Murder in the holiday spirit
It was Christmas in Lickin Creek, and all through the town something was stirring..The borough council was quarreling about the color of the Christmas lights. A social worker wouldn't let a living baby be part of the town's living crèche. And some ladies were stretching the limits of their leotards in a pageant called the Nutcracker. All in all, former New Yorker Tori Miracle was basking in the quaint glow of her adopted Pennsylvania town, when suddenly the season went sour. A boy was missing. A thirty-year-old mystery resurfaced. And now two people have been murdered. With her boyfriend--the town police chief--out of town, Tori must help his befuddled replacement. And what she finds out, or should be finding out, is making Tori the next target--of someone only in the mood for murder....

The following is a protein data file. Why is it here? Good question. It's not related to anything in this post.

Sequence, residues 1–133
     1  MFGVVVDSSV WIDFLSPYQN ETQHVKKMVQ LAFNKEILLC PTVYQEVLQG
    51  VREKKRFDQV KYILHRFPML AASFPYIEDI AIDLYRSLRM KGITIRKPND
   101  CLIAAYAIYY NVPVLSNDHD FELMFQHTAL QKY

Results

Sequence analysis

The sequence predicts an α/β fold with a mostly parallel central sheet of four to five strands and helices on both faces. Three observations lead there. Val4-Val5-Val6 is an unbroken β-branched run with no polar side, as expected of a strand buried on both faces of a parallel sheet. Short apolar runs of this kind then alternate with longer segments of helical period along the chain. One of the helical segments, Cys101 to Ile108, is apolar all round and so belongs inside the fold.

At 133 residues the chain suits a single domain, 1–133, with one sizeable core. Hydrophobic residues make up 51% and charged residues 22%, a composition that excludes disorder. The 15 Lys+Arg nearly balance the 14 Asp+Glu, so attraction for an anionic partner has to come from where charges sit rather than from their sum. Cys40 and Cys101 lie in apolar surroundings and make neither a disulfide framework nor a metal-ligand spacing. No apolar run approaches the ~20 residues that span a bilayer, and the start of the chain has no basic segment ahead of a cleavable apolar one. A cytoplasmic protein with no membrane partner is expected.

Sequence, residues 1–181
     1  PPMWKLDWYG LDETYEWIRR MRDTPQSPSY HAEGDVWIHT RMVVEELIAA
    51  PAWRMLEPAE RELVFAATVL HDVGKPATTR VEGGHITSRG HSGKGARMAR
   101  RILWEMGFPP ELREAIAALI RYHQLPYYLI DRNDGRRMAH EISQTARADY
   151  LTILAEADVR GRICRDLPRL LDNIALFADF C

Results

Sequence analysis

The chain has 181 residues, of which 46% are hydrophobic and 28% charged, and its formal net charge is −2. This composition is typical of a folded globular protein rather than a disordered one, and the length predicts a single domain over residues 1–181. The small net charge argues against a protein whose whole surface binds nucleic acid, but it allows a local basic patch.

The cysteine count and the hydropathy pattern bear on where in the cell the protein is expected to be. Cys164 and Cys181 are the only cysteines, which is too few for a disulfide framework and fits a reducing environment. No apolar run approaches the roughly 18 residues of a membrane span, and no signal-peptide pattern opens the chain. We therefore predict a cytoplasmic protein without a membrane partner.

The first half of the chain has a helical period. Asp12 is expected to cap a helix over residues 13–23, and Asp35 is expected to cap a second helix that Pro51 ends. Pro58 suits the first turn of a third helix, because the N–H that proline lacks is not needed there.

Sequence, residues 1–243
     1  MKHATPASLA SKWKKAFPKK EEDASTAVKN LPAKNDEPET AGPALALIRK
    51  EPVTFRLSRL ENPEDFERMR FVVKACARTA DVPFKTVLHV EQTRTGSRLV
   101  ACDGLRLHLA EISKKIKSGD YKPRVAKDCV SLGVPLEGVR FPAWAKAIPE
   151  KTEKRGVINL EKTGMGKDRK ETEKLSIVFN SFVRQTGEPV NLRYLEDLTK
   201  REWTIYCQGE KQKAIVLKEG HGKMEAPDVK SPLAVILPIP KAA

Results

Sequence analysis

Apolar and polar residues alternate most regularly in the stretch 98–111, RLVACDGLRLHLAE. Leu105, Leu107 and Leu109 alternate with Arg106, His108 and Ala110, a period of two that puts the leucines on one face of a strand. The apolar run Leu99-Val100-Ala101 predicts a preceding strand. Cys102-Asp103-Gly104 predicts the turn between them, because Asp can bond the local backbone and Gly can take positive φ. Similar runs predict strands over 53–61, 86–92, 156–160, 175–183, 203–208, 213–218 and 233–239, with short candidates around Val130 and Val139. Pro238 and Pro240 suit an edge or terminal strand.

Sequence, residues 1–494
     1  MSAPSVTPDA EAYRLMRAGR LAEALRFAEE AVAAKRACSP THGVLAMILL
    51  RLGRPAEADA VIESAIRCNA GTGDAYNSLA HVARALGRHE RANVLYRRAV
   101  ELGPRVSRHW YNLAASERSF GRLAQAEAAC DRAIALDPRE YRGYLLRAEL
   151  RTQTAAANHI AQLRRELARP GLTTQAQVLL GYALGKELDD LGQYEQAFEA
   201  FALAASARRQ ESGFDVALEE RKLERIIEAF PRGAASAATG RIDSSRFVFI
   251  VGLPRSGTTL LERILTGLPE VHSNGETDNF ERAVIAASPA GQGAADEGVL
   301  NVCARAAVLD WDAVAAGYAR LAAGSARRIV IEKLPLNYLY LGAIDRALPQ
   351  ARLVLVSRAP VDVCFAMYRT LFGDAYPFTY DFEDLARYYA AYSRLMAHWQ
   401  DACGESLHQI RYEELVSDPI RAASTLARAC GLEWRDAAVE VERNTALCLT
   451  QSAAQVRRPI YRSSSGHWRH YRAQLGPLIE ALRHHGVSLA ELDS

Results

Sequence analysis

Malmont's latest Tori Miracle mystery (after Death, Guns, and Sticky Buns, etc.) takes readers to the backwoods of Lickin Creek, Pa., where Tori, editor of the town's only newspaper, is busy covering the community theater's annual Christmas pageant (a Wiccan-cum-Shakespearean adaptation of The Nutcracker). The assignment is interrupted abruptly when the town's only full-time policeman, Luscious Miller, comes bursting into the church hall with the news that five-year-old Kevin PoffenbergerDlast seen by two older and tight-lipped cousinsDis lost deep in the snow-covered woods. During the search for Kevin, the remains of another child missing for the past 37 years are uncovered. Soon after, two of the pageant's middle-aged sugar plum fairies are murdered, leaving Tori to wonder if Lickin Creek has a serial killer on its hands, or if someone is trying to prevent a long-buried secret from being revealed. As Tori slowly unravels the mystery, she keeps company with some pretty strange characters, including an evil child, a flamboyant TV psychic, an art teacher who trains cats to become artists, goddess-worshiping witches and dozens of other equally chilling and eccentric oddballs. With so much going on, it's easy to get lost in the absurd clutter, but readers who enjoy wading through the clues and chaos Malmont liberally supplies will find that this cozyDalbeit typically offbeat and cornyDread provides a barrel of fun.